The Undercover Policing Inquiry began in November, after five years of preliminary investigation. Now the second phase is examining allegations that for years undercover police officers engaged in sexual relationships and other deceptions with people under surveillance.
As the second phase of the Undercover Policing Inquiry gets under way the Metropolitan Police has sought to play down some of the allegations, claiming they came amid the “challenging backdrop” of social unrest and attack by Irish terrorists.
The so-called Spycops Inquiry began, on Wednesday 21 April, examining the work of the Special Demonstration Squad (SDS) between 1973 and 1982.
The inquiry was set up in 2015 by the then Home Secretary Theresa May after it emerged that members of the SDS had used dead children’s identities as cover names, had deceived women into long-term relationships and had even fathered children with activists while working undercover.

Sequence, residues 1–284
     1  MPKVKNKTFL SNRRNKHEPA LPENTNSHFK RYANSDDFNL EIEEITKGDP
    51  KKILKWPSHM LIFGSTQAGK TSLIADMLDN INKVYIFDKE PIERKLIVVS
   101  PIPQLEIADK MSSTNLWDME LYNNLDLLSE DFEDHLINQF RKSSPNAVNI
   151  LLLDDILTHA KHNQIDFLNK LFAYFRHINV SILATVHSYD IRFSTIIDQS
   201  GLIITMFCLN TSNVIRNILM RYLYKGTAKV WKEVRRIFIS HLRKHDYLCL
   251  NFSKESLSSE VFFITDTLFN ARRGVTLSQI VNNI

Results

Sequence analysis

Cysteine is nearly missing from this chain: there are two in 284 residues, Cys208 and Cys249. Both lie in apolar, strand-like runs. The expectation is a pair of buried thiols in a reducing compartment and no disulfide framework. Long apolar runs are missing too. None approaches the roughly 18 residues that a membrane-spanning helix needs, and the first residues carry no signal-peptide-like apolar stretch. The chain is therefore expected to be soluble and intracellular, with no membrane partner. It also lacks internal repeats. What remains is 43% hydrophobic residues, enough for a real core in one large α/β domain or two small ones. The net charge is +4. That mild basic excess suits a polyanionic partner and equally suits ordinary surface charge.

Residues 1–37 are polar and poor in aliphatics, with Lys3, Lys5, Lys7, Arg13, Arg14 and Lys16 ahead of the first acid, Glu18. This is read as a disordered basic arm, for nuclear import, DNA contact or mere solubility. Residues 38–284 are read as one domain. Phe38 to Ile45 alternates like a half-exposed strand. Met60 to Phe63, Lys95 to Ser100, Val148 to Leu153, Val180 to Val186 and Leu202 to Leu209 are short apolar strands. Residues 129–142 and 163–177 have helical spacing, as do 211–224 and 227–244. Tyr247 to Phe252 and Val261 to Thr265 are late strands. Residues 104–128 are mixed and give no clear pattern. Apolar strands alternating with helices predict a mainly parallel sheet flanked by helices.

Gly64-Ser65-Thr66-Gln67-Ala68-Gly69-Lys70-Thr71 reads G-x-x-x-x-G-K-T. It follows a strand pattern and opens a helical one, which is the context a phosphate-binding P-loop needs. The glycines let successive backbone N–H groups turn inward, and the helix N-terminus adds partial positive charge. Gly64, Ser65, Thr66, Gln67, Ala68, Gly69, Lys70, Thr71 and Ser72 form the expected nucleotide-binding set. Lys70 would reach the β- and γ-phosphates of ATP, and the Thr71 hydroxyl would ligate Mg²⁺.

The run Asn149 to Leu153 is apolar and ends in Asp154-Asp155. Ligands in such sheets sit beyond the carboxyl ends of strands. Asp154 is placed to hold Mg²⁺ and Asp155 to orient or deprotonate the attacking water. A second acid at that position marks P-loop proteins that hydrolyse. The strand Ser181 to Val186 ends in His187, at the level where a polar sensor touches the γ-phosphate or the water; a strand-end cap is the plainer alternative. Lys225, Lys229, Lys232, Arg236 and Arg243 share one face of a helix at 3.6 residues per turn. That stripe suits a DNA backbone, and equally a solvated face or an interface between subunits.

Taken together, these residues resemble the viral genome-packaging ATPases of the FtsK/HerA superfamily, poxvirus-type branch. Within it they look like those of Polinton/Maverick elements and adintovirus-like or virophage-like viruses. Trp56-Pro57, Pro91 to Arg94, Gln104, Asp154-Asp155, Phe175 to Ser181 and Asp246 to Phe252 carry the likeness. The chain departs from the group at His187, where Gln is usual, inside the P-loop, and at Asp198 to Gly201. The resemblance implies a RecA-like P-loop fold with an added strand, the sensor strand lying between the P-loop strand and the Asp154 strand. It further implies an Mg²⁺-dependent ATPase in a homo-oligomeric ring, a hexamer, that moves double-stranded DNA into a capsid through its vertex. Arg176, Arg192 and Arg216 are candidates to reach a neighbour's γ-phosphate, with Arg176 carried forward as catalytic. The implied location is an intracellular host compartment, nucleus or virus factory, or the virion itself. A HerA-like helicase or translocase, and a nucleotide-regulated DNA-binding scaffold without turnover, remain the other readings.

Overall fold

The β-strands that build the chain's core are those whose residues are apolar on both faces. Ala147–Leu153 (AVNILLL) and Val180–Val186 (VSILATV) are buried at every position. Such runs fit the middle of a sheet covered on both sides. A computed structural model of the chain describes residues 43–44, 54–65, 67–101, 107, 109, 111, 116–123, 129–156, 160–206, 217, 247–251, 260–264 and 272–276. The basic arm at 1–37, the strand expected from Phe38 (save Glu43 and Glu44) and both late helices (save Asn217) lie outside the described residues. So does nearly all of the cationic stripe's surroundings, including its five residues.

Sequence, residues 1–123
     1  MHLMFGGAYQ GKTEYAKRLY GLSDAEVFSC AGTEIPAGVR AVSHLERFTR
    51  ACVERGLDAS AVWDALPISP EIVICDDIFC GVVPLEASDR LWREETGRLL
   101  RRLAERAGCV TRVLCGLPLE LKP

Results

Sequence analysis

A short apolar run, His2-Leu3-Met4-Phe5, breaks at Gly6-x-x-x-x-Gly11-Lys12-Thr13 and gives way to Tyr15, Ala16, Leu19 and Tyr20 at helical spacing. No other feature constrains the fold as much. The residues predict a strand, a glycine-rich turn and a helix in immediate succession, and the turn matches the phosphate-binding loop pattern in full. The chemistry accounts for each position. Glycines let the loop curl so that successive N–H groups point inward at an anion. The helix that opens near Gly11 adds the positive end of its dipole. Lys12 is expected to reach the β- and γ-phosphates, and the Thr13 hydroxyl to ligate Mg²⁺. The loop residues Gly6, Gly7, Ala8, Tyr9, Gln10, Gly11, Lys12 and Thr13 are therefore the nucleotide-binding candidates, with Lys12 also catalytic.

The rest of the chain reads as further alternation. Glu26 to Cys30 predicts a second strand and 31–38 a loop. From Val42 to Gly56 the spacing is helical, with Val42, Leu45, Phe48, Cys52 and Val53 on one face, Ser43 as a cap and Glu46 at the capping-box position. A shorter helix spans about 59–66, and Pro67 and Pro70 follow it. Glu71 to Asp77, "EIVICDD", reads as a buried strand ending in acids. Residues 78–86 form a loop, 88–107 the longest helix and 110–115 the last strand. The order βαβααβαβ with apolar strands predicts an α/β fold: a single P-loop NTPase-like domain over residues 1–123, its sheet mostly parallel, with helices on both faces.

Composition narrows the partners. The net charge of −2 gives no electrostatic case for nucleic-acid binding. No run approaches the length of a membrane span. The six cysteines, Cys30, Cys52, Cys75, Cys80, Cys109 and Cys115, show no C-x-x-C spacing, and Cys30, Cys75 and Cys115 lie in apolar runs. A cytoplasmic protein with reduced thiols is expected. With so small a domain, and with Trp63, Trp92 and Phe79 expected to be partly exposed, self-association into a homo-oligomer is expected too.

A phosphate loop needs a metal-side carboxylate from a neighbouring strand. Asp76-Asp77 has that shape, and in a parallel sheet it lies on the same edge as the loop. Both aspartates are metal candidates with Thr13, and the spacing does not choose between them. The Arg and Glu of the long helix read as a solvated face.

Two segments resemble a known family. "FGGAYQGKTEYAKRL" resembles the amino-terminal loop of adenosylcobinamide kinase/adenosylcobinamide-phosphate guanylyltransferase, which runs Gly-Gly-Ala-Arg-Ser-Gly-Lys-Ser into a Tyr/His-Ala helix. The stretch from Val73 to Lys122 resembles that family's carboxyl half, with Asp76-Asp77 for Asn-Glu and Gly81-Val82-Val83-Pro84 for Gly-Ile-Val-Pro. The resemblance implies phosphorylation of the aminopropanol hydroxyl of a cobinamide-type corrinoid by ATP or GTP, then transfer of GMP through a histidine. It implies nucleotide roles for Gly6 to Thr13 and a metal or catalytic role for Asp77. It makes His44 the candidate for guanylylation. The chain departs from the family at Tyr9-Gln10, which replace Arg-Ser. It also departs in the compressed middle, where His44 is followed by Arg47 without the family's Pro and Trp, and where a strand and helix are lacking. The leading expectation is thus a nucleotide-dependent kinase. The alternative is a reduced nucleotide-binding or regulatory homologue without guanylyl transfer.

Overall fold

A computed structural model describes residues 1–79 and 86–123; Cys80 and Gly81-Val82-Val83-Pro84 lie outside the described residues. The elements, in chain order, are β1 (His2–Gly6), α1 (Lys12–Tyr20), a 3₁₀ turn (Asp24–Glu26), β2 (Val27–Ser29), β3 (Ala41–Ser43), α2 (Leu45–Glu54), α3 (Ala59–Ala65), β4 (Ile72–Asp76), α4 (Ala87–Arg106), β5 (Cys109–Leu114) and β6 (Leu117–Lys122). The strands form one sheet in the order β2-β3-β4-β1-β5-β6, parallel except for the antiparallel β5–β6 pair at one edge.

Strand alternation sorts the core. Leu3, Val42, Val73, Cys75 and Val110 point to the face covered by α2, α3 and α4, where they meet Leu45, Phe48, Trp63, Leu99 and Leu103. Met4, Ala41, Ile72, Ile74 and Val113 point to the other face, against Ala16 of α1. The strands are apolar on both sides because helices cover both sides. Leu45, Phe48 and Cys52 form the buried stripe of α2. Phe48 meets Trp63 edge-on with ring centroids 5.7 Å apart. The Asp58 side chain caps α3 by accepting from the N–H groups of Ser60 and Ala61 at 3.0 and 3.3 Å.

The SDS was set up in 1968 and finally disbanded 40 years later.
In 2015 the Met settled seven claims from women who suffered from the “unacceptable behaviour” of a number of undercover police officers working for the SDS.
Helen Ball, the Met’s Assistant Commissioner for Professionalism, said covert policing was still an important tactic used to gather “crucial intelligence and evidence” in serious crime and terrorism investigations.
She said when undercover officers volunteer they are often…